Because James Brown was new to the area, little was known about him. Charles Pratt had befriended Brown, who was sitting on the curb in front of the Pioneer Grocery in Havre and asked if he wanted work. Brown enthusiastically accepted. He had been employed at a steel mill in Gary, Ind., and was one of 9,000 laid off during the throes of the Great Depression. Pratt’s stressed that Brown “was no bum." It wasn’t until June 30, that Brown was identified by a letter sent to Havre Police Chief Leon Davidson with a description of Brown. She had offered to send a picture, but “please return it as it is the only one I have of him.” The description in the letter was sufficient enough to make a positive identification.
Herman Wendt had no relatives in Montana, and was sent back to Green Bay, Wis., for burial, as that is where he was from originally and had cousins living in the area.
Interment of the victims started on June 28, when Emil, Mildred, Flora, Donna and Emily DeHaan were buried close together, and where relatives were already resting. Donna and Emily were interred together. Little Elaine Lois remained missing at the time.
Charles Pratt and James Brown were to be interred on the following day, but due to the letter received regarding James Brown, his burial would wait until July 2. He must have been a handsome man, as the Havre Daily printed: “Those who viewed the body, exclaimed at the strong beauty of the young man’s face, which combined with his splendid physique, bore out her words.” “Her” was referring to Pratt’s wife, who spoke very highly of him, and she and her husband had come to find the young man hard working and trustworthy. Brown’s wife could not afford to make the trip, nor could she afford to have her beloved returned to her, and felt that arrangements in Havre would be best.
In the meantime, Elaine had been found June 30 after eight days. To curb those with a morbid sense of curiosity, the newspaper printed that she “may not be seen by anyone.” Elaine was buried along side her parents and sisters the following day, July 1, 1938.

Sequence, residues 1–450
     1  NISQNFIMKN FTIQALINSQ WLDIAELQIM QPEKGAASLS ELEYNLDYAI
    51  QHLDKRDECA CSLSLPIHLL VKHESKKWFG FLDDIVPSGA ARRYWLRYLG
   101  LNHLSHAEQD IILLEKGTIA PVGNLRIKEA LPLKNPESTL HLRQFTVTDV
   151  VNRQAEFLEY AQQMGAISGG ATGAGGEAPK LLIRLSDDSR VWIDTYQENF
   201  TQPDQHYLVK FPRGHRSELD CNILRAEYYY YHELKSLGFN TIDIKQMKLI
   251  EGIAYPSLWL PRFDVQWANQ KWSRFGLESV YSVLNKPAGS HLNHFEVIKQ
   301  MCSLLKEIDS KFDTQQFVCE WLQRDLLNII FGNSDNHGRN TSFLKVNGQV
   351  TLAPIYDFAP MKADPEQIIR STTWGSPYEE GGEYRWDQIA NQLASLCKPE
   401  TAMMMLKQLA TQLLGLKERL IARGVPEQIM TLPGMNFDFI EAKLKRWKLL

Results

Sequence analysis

The DeHaans’ site is located on a little hill in Highland Cemetery and is not difficult to find if one knows where to go; their upright headstones are among only a few in that section of the cemetery. Charles Pratt and James Brown are a little more difficult to find, but they are just to the south of the DeHaans. Pratt has a flat marble headstone, but at this time Brown has none, giving credence to the financial situation of the time.
The Deadly Flood of 1938 would claim a tenth victim, Fred Tilghman of Hogeland, who drowned when Fifteen Mile Creek flooded due to the cloudburst. He had been “batching” with Swanson Moore and both were running for higher ground when Tilghman lost his footing and was swept away in the flood.
The Deadly Flood of 1938 should always be remembered. Floods can, and do, happen here and they can be fatal. The victims should also not be forgotten in history, either, for they did nothing to be forgotten.
Charles Pratt's headstone tells of his early demise. He was killed in the Flood of 1938.
For all of the bad, there were stories of good. People rallied to help the survivors of the flood. The survivors took out an advertisement in the Havre Daily thanking everyone for their kindness and generosity during their time of need. Serious discussion on diverting Bullhook also began, but due to the Depression and entry into the Pacific and European theatres of World War II, it would take another disastrous, but not deadly, flood for that goal to be achieved. Sept. 17, 1953, the Bullhook Diversion Project broke ground with several dignitaries present.
The people of Havre and Hill County are a strong and resilient people, but we, too, can be vulnerable to the effects of the weather. One of our greatest assets is the ability to come together during times of strife, to help our neighbors for the greater good. Someone once told me — I don’t remember who — that “you are only forgotten when no one visits your grave.” Next time you visit Highland Cemetery, consider stopping by these gravesites — and others, too, that look forgotten — and take a moment to pause and remember.